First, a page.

In geopolitics, discerning observers know that relations between countries blow hot and cold. Nowhere is this more evident today than in the complex relationship between Turkey and Israel.
He definitely needs Israel badly because he can’t send any cargo or goods by Syria, so he is using the port at Haifa to ship Turkish goods to Saudi Arabia and the Gulf states.
For many years, Ankara was a surprisingly friendly regional partner with the Jewish state. Joint maneuvers, trade, and cordial public exchanges gave hope that the model could be duplicated eventually with Israel’s Middle East neighbors.
Then came the infamous “flotilla raid” of May 2010. Critics of Israeli policies regarding the Palestinians—including key religious leaders—boarded six vessels as part of the “Gaza Freedom Flotilla,” ostensibly carrying humanitarian aid. Israel worried about terrorist activity.
Israeli commandos boarded the Mavi Marmara and were confronted by attackers. In the ensuing struggle, nine people were killed. Israel was widely condemned by the international community and recently during a phone call between Israeli Prime Minister Benjamin Netanyahu and Turkish Prime Minister Recap Tayyip Erdogan, an apology was forthcoming from Jerusalem.
Although Erdogan has seemingly taken Turkey in the direction of strengthening Islamic agendas, international observers have taken the conversation between the two men as a very hopeful sign.
As one who has intimate knowledge of the situation, former Israeli Ambassador to Turkey Uri Bar-Ner, has revealed some little-known insights that could be construed as silver linings in the complex Turkish-Israeli relationship. Bar-Ner points to the current political unrest in Turkey as an opening:
“As far as Israel is concerned, Israel is not mentioned at all in the present crisis; we are not part of it. He [Erdogan] and his foreign minister did not use Israel in any way in the present crisis.”
This refers to a tidal wave of protests arising largely from disaffected secularists in Turkey who are chafing under Erdogan’s moves toward a more autocratic regime. On Monday, Reuters reported that Turkey’s Deputy Prime Minister Bulent Arinc said the government might call out troops to quell the unrest:
“In Istanbul, the cradle of protests that have presented Prime Minister Tayyip Erdogan with the greatest public challenge to his 10-year leadership, several hundred union members also marched in sympathy with anti-government demonstrations.”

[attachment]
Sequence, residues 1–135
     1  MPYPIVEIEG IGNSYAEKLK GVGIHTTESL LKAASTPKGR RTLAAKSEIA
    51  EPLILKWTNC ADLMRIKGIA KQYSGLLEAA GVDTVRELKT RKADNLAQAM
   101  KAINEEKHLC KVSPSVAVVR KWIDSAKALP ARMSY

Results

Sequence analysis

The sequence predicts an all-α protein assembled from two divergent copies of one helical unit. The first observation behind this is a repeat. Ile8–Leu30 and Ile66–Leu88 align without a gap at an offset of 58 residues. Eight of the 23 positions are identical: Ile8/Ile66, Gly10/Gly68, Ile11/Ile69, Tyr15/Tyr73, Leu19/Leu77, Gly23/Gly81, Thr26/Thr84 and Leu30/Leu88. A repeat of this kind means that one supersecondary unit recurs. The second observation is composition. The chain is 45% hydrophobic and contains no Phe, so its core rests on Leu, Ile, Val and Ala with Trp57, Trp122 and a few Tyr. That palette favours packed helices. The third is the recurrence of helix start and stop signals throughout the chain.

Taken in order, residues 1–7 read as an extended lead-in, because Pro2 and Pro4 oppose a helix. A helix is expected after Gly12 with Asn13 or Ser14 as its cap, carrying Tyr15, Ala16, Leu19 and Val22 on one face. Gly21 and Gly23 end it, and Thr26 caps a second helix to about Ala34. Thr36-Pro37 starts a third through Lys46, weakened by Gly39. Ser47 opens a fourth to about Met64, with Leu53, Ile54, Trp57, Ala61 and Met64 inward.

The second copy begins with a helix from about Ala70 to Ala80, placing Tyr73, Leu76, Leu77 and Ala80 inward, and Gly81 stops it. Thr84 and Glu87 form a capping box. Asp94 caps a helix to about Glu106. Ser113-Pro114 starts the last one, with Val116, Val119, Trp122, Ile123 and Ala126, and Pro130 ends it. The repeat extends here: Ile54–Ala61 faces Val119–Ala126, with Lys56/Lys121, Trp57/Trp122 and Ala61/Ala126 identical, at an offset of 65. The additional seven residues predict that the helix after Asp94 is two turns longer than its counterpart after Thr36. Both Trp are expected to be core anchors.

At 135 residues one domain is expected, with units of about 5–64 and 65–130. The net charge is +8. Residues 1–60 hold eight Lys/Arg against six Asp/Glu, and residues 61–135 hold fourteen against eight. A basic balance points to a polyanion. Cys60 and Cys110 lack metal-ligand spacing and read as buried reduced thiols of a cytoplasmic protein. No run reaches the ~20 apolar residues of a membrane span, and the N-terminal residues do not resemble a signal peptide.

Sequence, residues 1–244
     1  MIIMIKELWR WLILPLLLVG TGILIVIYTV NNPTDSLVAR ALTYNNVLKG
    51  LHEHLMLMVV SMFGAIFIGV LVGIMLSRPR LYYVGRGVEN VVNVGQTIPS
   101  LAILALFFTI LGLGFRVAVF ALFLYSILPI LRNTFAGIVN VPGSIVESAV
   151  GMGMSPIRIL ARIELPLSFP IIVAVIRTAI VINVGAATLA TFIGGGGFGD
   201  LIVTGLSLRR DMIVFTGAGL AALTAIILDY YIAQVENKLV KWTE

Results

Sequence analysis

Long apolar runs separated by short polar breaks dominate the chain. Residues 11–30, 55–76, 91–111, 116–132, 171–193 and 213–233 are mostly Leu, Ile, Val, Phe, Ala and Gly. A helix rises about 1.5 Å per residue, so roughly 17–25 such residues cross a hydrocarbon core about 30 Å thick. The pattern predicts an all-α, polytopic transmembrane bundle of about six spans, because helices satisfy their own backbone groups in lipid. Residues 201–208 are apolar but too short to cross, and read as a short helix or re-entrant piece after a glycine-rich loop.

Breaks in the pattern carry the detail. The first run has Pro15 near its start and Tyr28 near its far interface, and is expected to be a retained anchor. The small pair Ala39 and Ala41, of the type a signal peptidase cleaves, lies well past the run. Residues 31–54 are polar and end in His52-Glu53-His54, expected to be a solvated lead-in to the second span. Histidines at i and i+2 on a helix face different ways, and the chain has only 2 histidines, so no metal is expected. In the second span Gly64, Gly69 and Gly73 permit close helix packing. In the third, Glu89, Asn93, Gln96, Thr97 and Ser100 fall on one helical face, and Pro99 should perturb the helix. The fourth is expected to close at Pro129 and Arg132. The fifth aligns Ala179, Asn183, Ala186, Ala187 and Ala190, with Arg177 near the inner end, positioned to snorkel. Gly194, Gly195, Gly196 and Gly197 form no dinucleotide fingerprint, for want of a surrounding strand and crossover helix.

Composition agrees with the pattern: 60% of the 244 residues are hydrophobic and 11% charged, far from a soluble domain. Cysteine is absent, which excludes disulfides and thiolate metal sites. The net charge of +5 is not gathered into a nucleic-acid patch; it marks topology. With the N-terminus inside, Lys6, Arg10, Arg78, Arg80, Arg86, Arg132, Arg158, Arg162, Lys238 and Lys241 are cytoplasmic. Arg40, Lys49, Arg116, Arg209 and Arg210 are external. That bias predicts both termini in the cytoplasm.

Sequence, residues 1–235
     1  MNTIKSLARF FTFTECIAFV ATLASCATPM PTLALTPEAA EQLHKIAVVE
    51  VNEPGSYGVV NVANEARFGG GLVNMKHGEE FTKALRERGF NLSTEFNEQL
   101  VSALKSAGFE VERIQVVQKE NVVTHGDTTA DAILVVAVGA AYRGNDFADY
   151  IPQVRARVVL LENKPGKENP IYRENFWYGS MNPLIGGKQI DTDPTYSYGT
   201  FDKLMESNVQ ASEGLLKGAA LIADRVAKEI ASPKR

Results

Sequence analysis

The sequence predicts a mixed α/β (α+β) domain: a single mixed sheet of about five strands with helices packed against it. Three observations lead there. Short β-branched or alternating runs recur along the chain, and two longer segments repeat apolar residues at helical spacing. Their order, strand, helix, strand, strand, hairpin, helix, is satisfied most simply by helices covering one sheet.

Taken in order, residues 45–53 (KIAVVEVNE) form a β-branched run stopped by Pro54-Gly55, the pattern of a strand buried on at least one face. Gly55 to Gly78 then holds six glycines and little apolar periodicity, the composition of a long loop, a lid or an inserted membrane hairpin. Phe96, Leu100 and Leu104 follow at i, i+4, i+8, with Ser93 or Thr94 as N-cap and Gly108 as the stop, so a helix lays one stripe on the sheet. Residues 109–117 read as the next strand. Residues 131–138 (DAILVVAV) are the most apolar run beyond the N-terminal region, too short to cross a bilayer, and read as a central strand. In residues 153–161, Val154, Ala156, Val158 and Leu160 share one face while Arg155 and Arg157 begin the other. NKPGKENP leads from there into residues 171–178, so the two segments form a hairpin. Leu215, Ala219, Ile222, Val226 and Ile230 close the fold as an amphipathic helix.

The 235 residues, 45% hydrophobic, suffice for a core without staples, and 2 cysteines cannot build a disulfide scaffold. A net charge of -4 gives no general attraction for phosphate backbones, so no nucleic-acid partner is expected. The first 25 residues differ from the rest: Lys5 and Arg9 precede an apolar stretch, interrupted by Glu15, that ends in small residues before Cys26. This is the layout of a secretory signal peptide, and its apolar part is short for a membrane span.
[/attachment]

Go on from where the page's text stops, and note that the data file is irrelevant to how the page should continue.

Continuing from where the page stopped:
Bar-Ner said that “What happened in the last few months is that they [Turkish government] have imposed rules that interfere with the personal lives of the people [such as Erdogan’s bizarre directive that women have three children in order to increase the population] and when you take all of this collectively, it creates resentment in young people.”
Erdogan’s government is secure, although there is the usual jostling for power. Bar-Ner, however, is watching Turkey’s political situation closely:
“He has opposition, but the latest turmoil is not threatening his position. He is doing it all because he wants to change the constitution so he can have a two-thirds majority in parliament and to transfer powers from the prime minister to the president. He can’t be prime minister indefinitely [due to term limits] but can run as president. Erdogan wants to do what Putin did in Russia.”
All this means that whatever Erdogan’s personal agenda might be for his country, he—like most heads-of-state—is constrained by outside forces. This bodes well for repairing damage to Turkish-Israeli relations. Bar-Ner provides some detailed analysis:
“The situation with Israel is that after the apology for the Mavi Marmara…they are playing a very tough game in negotiations. Turkey wants a million dollars for every death in the flotilla incident. Eventually we will reach an understanding, so that Israel’s ambassador will go back to Ankara—I believe he will.”
The whole affair is definitely not one-sided, however, as Bar-Ner reveals.
“He definitely needs Israel badly because he can’t send any cargo or goods by Syria, so he is using the port at Haifa to ship Turkish goods to Saudi Arabia and the Gulf states.”
Bar-Ner said that trade between Israel and Turkey has quietly increased significantly, and that additional factors are at play in the thawing relations between the two regional powers.
“Erdogan is at war with Syria, and has tensions with Iran and Egypt,” Bar-Ner says. “So his foreign policy has to be ‘peace at home and abroad.’ He made a deal with and Iran and Cyprus. He made a deal with Russia to build cheap housing in Russia.”
Indeed, a whole host of problems are bubbling-up for Turkey, including refugees pouring over the border from Syria, tensions with Iran, Cyprus, and Greece, and NATO demands for the placement of anti-ballistic missiles on the borders.
Bar-Ner says that Erdogan also must manage the nuance of governing styles between himself and the new Egyptian regime.
“There are problems with Egypt because he is at odds with the Muslim Brotherhood in Egypt. Erdogan says to them, ‘I am a secular democracy and I do what I want…why don’t you do what I do?’ But they [Cairo] don’t want that because they want
It also helps the balance of power in the region because, despite some perceptions, the U.S. is still an important player.
“The U.S. has one billion dollars worth of military hardware stored in Israel for the U.S. military, in case they need it,” says Bar-Ner.
At the end of the day, Bar-Ner says that in actuality, relations between Turkey and Israel are manageable.
“It won’t be the way it was, but ‘okay.’ Erdogan is only really friendly with Russia. He is at war with everyone else.”